This is a guest post by Alexander Heyne of Modern Health Monk.
There are a number of foods you might be eating on a regular basis loaded with hidden ingredients that may be affecting your health or weight loss efforts.
You see, companies are smart – they know that adding sugar to applesauce, for example, makes kids love it. They’ll also add sugar to tomato sauce, bread, and fruit juice for the same effect.
Even health foods (that are packaged) have additives to make them taste better and become more addictive. Sometimes companies do it because it saves them money (like with high fructose corn syrup). But sometimes it’s purely to increase the “addiction factor.”
Below I profile six ingredients commonly added to food that may be negatively affecting your health. Avoid them if you can!
#1 – High Fructose Corn Syrup
Sugar is added to virtually everything to make it taste better. But since sugar consumption is known to be a main driver of the obesity epidemic occurring all over the world (and people are avoiding it), sugar companies have gotten smart.
They recruited something called “high fructose corn syrup.” And then they started running commercials trying to convince you that high fructose corn syrup is the exact same as sugar (it isn’t).
In reality, high fructose corn syrup is used for a few reasons:
- It isn’t called sugar, so ignorant consumers buy it and consume it,
- It’s actually cheaper to buy than sugar, and:
- It’s sweeter than sugar
High fructose corn syrup is most definitely not sugar though.
For example, in one study scientists gave people a beverage that was sweetened with either glucose or fructose. The drink was 25% of their daily total calories, and they were told to drink it for 10 weeks to see if there would be any differences in weight/fat gain.
At the end of the study, the weight gain was similar in the two groups, but what was interesting was that only the fructose group had numerous other negative effects, including:
- Fat synthesis in the liver
- Increase triglyceride levels
- Increased levels of half a dozen bio-markers of heart disease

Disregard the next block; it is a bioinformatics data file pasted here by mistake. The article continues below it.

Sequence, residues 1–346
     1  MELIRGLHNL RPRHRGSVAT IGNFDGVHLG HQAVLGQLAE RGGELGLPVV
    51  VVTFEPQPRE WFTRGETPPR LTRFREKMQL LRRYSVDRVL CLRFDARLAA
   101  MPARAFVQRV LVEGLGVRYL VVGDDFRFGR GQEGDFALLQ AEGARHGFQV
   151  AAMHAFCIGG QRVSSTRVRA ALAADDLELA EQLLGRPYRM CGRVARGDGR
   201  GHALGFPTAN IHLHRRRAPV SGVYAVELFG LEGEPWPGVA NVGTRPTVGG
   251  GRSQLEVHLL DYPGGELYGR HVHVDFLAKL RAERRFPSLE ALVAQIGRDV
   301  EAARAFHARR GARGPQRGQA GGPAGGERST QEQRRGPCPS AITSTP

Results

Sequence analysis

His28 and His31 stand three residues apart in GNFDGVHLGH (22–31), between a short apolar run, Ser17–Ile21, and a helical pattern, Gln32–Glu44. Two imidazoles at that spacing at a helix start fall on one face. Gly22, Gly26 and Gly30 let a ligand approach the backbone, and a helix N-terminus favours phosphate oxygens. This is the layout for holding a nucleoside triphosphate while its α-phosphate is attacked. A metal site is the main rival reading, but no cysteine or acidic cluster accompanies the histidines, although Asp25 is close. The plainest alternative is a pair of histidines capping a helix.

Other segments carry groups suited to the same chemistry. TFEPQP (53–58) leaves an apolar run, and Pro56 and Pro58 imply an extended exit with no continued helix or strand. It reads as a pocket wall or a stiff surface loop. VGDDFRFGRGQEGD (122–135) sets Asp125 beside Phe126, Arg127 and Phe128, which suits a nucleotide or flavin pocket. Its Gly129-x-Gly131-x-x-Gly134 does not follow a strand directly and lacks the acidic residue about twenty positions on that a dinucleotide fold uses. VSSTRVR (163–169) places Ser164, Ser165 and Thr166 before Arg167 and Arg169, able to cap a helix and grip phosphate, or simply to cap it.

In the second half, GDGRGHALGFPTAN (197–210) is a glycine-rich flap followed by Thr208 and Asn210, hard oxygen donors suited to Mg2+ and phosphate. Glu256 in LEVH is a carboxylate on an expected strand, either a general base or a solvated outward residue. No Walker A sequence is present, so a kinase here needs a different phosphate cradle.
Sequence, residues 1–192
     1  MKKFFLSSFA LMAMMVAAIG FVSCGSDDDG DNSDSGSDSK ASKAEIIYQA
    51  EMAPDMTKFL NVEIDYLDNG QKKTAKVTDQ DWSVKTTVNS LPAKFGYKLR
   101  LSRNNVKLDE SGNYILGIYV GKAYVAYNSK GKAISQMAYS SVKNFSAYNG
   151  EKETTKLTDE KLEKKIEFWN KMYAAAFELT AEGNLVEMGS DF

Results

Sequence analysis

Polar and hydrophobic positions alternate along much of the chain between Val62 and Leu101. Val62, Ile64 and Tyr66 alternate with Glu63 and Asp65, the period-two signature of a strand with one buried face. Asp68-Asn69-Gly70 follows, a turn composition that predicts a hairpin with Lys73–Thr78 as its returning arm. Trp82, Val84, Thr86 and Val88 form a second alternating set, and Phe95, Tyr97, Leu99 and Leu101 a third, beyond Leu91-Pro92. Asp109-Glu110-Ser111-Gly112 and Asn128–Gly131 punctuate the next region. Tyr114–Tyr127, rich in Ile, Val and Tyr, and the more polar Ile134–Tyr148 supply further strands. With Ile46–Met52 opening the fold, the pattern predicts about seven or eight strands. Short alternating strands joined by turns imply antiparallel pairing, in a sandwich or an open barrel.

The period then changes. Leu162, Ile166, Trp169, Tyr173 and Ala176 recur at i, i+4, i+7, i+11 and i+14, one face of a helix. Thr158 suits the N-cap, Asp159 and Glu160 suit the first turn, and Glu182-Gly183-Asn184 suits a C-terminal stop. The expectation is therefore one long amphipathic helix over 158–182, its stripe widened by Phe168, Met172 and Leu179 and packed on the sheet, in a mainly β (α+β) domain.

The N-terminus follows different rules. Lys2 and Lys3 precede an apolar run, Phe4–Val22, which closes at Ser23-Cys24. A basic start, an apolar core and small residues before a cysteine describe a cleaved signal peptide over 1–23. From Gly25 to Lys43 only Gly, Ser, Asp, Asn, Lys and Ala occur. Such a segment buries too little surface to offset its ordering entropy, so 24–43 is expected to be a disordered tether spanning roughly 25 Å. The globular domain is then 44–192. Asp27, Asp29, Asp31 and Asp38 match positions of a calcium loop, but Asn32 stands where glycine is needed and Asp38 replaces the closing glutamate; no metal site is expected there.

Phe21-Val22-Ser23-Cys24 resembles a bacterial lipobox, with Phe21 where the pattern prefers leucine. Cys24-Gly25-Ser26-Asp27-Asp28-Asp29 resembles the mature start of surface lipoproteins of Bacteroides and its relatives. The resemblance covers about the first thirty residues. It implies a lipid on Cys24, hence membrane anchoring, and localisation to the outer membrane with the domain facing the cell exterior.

The majority of these other negative affects are all early indicators of heart disease. Not good!
The research thus far is clearly showing that this is most definitely not the same as sugar.
Sneaky additive #1: High Fructose Corn Syrup.
#2 – Added Salt
There’s an incredible book called Sugar, Fat and Salt that talks about how in the food industry (particularly the fast food/junk industry), sugar, fat and salt are added to virtually everything to increase the addictive potential of them.
Unfortunately, many packaged foods have added salt, ranging from crackers, to candy, to bread and even certain fruity alcohols.
Sometimes you think you’re eating a healthy snack like crackers or soup, and you’re getting your daily intake of sodium in one snack.
A company that recently came under fire for this is Campbell’s. Their delicious chicken soup is marketed as if it’s grandma’s home-cooked chunky soup, but it’s loaded with salt.
Note: this bowl of Campbell’s soup already has reduced sodium, and one bowl of it still has about 40% of your daily sodium intake. These aren’t big bowls either.
Watch out for foods that are ordinarily healthy, but have lots of added salt. It’s a cheap way to make food taste better.
Sneaky additive #2: Added salt in health foods.
#3 – The “100% All Natural” Claim
”All natural” is a very sneaky label. I don’t know how the laws work in other countries, but in the United States, “100% all natural” doesn’t mean anything and the Food And Drug Administration doesn’t regulate it. That means that companies can get away with a lot of sneakiness.